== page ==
January 29, 2019


Nine-year old Zoey Harrison was born with cerebral palsy, but she's never let her disability slow her down. So when Zoey, who uses a motorized wheelchair to get around, came home from school frustrated that she didn’t have time to play with her friends at recess, because getting into her winter wear occupied nearly the entire break, her mother sought a solution.

Jennifer Harrison, 42, learned to sew by making clothes for her Barbie dolls, but a functional for her daughter was a much bigger task. So, rather than beginning from scratch, she took two identical jackets and sewed them together. Not one to waste, Harrison then converted the sleeves she'd cut off the bottom jacket into mittens. A few other small adjustments, and the first X-Ability bodycoat was born.

Harrison's original bodycoat was two jackets sewn together with multiple adjustments. Harrison cut the bottom jacket's sleeves off and converted them into mittens.

Harrison sent her creation to school with Zoey, eager to hear how it worked out. Instead of good news, Zoey came home discouraged. The paraprofessional educator (para-pro) assisting Zoey did not understand how to use the bodycoat. Instead of putting the coat in the chair, and then zipping it around Zoey, she tried to put it on like a normal coat, putting the coat on Zoey and then trying to put her in her chair.

“The whole point of it is to put it in the chair, prepare it, and then zip her up,” Harrison said. “I tried to explain it in a text message, but she didn’t understand.”

Harrison asked her husband John take a video of Harrison putting Zoey into the bodycoat. When Harrison tried to email the video to the para-pro, the video file was too large to send so Harrison posted the video publically so the para-pro could see it. That worked even better than Harrison expected.

In addition to helping the para-pro, interest in the bodycoat exploded. To date the video has over 11 million views and over 3,200 shares on Facebook.

Harrison said because she posted the video publically, she had coverage for a year to get a patent application in, but due to some gray areas with patents that doesn’t mean she could rest easy.

“It’s actually first to market,” Harrison said. “Even if I’m applying for a patent, if someone else goes to market first and doesn’t have a patent, they’re actually going to be the ones that are going to be able to get credit for everything.”

And the timing couldn’t have been more chaotic. Harrison and her husband, John, have been married for 24 years and live in Ithaca, Michigan. They have 11 children, nine of which are adopted.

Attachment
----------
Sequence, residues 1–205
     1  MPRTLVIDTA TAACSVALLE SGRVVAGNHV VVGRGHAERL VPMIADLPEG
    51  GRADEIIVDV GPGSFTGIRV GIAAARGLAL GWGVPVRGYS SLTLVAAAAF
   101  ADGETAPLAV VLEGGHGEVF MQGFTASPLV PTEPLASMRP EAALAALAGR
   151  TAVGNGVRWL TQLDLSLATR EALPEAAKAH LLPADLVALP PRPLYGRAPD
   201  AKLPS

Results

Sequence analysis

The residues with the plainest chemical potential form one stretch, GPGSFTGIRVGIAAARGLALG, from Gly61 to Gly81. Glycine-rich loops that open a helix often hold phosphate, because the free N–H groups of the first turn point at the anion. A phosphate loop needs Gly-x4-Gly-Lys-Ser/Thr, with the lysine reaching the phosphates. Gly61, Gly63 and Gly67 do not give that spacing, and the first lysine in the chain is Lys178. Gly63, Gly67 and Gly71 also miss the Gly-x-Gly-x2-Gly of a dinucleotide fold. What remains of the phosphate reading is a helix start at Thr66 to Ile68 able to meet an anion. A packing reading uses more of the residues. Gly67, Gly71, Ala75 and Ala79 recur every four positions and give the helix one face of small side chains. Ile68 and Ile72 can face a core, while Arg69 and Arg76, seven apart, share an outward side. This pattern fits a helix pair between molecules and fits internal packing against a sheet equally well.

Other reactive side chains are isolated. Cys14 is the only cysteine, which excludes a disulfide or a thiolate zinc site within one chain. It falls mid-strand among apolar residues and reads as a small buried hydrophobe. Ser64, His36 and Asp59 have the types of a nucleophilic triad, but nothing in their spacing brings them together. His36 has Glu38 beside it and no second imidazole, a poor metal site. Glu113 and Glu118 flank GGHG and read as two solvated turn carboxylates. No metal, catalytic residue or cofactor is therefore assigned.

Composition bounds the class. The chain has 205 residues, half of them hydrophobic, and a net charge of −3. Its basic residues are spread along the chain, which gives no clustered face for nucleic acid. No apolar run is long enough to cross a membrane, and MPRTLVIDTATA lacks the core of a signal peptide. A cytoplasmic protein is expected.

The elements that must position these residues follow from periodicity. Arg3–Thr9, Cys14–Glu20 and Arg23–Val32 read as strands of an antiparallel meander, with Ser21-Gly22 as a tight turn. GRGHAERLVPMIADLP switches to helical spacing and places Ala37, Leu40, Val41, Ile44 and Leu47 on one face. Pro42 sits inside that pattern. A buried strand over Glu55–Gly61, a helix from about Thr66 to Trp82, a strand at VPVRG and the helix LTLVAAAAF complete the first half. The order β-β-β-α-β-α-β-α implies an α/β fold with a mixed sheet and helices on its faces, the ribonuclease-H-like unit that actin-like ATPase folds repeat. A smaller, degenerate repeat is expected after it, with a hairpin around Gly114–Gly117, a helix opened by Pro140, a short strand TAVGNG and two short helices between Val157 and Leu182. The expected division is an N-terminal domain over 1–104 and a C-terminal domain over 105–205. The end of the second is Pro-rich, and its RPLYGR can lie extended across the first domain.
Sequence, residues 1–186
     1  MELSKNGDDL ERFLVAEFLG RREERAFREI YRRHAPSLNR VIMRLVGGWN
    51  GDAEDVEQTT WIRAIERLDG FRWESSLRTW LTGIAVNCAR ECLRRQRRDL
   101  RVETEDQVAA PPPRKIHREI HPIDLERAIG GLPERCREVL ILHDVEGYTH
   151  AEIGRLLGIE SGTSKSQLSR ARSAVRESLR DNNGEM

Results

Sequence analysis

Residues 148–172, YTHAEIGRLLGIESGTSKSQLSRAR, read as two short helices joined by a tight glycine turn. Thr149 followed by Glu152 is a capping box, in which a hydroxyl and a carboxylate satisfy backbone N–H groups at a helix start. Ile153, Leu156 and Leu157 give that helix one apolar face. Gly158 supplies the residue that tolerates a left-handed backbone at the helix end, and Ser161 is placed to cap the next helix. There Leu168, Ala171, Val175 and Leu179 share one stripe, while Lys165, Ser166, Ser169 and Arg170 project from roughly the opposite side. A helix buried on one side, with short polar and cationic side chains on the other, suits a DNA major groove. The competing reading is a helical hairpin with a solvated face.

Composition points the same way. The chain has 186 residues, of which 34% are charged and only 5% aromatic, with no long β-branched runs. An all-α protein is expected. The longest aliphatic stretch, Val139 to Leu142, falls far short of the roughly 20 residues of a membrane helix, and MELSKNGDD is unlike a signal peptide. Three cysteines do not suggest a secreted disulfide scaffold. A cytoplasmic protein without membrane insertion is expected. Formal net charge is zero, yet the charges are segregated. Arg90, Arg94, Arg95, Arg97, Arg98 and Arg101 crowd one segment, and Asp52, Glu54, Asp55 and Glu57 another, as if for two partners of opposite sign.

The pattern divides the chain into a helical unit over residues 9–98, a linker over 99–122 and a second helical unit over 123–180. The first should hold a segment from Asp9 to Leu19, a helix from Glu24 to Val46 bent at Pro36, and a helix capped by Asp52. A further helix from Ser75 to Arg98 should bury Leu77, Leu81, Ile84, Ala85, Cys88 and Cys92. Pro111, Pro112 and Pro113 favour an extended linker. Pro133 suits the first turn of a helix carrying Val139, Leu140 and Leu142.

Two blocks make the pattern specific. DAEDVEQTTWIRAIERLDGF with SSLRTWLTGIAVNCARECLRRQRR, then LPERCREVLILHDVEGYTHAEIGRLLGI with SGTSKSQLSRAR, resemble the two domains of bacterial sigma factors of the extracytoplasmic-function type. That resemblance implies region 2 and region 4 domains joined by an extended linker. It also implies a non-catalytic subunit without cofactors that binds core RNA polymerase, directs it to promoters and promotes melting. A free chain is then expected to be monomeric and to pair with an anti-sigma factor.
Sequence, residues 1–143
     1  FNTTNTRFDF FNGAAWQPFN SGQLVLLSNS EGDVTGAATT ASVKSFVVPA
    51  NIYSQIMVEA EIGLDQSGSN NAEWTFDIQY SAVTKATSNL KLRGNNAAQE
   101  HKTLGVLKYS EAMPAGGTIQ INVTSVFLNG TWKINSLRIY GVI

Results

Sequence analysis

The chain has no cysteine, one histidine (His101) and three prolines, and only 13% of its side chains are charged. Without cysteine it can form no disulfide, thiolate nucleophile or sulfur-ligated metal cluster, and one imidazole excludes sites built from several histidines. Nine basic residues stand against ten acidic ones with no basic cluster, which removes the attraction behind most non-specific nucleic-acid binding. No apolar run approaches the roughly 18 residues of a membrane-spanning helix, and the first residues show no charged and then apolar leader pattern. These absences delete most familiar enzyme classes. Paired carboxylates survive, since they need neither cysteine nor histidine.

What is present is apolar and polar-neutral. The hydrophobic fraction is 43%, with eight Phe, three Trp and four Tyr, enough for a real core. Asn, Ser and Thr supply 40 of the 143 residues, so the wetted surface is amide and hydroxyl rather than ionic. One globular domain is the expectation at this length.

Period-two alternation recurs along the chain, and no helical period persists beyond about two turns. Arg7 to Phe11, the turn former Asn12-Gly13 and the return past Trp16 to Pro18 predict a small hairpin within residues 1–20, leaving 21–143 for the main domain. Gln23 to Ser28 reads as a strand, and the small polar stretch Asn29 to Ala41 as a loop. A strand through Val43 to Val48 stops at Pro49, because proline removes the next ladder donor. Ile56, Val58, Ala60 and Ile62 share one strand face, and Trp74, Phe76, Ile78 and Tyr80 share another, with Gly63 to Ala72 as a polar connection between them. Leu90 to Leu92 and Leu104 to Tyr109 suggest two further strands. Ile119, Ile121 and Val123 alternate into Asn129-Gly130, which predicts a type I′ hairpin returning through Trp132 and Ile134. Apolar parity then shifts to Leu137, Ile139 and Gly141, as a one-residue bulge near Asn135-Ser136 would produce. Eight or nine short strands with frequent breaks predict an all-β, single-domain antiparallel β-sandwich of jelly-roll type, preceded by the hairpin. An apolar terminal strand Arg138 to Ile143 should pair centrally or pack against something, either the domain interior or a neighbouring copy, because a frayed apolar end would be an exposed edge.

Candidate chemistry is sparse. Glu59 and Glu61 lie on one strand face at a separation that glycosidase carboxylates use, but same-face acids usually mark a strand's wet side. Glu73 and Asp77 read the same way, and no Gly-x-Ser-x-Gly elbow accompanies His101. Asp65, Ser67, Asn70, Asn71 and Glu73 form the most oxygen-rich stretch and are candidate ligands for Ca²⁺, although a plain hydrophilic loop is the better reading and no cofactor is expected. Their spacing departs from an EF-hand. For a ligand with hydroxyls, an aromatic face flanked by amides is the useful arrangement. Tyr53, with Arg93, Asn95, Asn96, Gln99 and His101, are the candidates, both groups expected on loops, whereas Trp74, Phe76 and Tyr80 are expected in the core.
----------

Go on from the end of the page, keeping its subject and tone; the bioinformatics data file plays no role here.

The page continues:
At the time, the couple was in the middle of one of those adoptions as well as working on a home renovation.

Still, interest in the bodycoat was so strong, they decided to go ahead and pursue the business venture, naming the company X-Ability, with the Dis in Disability crossed over with an X.

“We want them to be usable, affordable, but stylish,” Harrison said. “I wanted something that dries quickly, that doesn’t smell when it gets wet, and is easy to wash.”

The Harrisons invested $25,000 into X-Ability. Their patent is still pending, but they are currently considering getting a business loan to build inventory while they wait.

“I want to be to the point where when we first began, when people would order, we’d pull it off the shelf, label it, and ship it,” Harrison said. “But we have so many orders we are now still only 50 behind now, whereas before were almost 400 behind.”

Each bodycoat comes with step-by-step instructions featuring Zoey as a model.

A children’s full bodycoat costs $125 and a full bodycoat for an adult is $195. Mittens, hats, and mid-length bodycoats are also available on the online store.

“I do understand that we need to make money, I get that, but at the same time I want people to be able to afford them,” Harrison said.

Harrison said that if the bodycoats were made in the U.S. it would have cost between $400-$600. To cut down on the price and make the product more affordable they buy the coats wholesale.

“We have to make sure legally that we can do modifications to them,” Harrison said. “Then we are able to order the parts, we prep them for the modifications, then they go to a manufacturer, and then we’re able to sell them for as low as what we are.”

Zoey, who is an Ellen Degeneres mega-fan, hopes to go on Ellen’s show some day to ask for help raising money to make bodycoats for people who don’t have money to buy one.

For now, supporters can visit the X-Ability website to make a donation.